The Gallipoli story forms the foundation of a larger dialogue about reconciliation, immigration and the forging of friendship between Australian and Turkey.
In 1914 Europe entered World War I. In an attempt to gain a strategic advantage against the German, Austria-Hungary and the Ottoman empires, the British authorised an attack on the Gallipoli peninsula. On the 25th of April 1915, the Anzacs landed at a logistically difficult position on the peninsula, an area surrounded by steep rock face and thorny scrub. The Anzacs, British and French suffered a large loss of life and made minimal advances, failing to resist a Turkish force that was easily reinforced and strategically effective. A defeat and evacuation of the Allied forces resulted, with retrospective accounts painting the campaign a disaster, partly attributed to the underestimation and misunderstanding of the Turkish offensive.
Despite the events that transpired at Gallipoli, both sides retained a sense of humanity and a deep rooted respect for each other during the campaign. Such an esteemed sentiment is expressed by Charles Bean, an official Australian war correspondent with the AIF troops, in a poem for ‘Abdul’ in his The Anzac Book (London, 1916):
“We will judge you, Mr Abdul,
By the test by which we can –
That with all your breath, in life, in death,
You’ve played the gentleman”
Moreover, this sentiment was expressed by Turkey’s first president, Mustafa Kemal Atatürk, who offered the following well-known words of comfort to the mothers who lost their sons at Gallipoli:
“Those heroes that shed their blood and lost their lives…
You are now lying in the soil of a friendly country. Therefore rest in peace.
There is no difference between the Johnnies and the Mehmets to us where they lie side by side now here in this country of ours…
you, the mothers, who sent their sons from faraway countries wipe away your tears;
your sons are now lying in our bosom and are in peace. After having lost their lives on this land they have become our sons as well”.
The Gallipoli experience reverberated with both these men, and their words have become a platform for reverence and a symbol of esteem between both nations. As such, the words of these distinguished men were chosen to be inscribed in the Australian Turkish Friendship Memorial Sculpture, providing a narrative to balance the more abstract symbolism of the sculpture itself. Bean’s words “a monument to great hearted men, and for their nation – a possession forever” are illustrative of the universal sentiment surrounding the sacrifices made in the name of war. The history as told by both sides has thus become inseparable from the sculpture’s intent: to highlight reconciliation and the forging of friendship between the two nations.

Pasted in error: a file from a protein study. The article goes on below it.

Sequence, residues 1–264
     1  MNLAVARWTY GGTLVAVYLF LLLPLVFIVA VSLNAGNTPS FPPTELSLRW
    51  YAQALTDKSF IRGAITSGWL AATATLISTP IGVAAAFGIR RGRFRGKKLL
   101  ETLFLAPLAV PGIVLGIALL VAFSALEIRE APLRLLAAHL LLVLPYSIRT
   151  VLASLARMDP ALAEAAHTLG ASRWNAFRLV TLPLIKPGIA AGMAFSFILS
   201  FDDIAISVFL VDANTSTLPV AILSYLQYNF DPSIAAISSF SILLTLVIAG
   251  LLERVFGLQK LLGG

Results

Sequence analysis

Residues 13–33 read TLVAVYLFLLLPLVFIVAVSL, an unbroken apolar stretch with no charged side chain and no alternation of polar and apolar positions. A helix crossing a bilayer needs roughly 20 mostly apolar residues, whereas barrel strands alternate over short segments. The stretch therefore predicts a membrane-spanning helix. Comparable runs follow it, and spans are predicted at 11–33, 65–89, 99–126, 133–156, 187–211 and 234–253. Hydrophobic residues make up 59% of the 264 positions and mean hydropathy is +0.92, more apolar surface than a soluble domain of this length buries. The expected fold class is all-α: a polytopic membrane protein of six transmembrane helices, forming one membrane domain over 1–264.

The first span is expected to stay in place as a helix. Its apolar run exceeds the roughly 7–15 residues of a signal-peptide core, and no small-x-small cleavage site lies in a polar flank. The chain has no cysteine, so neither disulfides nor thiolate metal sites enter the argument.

Such reconciliation has formed the basis for greater cultural and social links between the two countries, exemplified by Australia’s Turkish immigration history. Between World War I and II, Turkish migration to Australia was mostly prohibited under the Enemy Aliens Act (1920) and the subsequent White Australia Policy. Up until the 1960s, Turkish migration remained low, however, diminishing Western European migration served as a catalyst for the Australian Government to open its doors to Turkish immigrants. Simultaneously, in an effort to solve over-crowding and unemployment in Turkey, the Turkish Government agreed to an Assisted Passage agreement in 1967 with Australia which led to a sharp increase in Turkish migration: 970 Turkish migrants were recorded in Victoria in 1966 compared to 5,383 in 1971. Despite the resentment many new Turkish immigrants first faced when arriving in Australia at that time due to their non-Christian and Anglo-European background, this influx saw the Australian-Turkish relationship diversify and deepen into one of acceptance and inclusion.
Currently, there are in excess of 40,000 Turkish Australians living in Victoria. There are now many third and fourth generations of Australians with a Turkish heritage, in all walks of life, who are making a significant contribution to our community. The majority of the Turkish-Australian community lives in Broadmeadows and Coburg, with various religious groups, soccer clubs and political and community associations embedded in Melbourne’s cultural psyche.
The battlefields of Gallipoli was the first mainstream encounter between Turkey and Australia. 8,709 Australians, 2,701 New Zealanders and more than 86,000 Turkish soldiers died at Gallipoli, a devastating loss which has shaped both country’s national consciousness. Such loss has created bonds of solidarity between the Turks and Australians and has shaped the respect and friendship which has evolved over time. As Vedat Acikalin, a Turkish Australian noted ”as a child, we grew up with the stories and songs of Canakkale. But I had no idea until I arrived in Australia in 1973 how important the same campaign, the same battles, were for this country as well. For the losing side, it was the birth of a legend.”
For sources and further related reading on the Gallipoli campaign and the history of Turkish immigration to Australia, see links below:
Gallipoli and WWI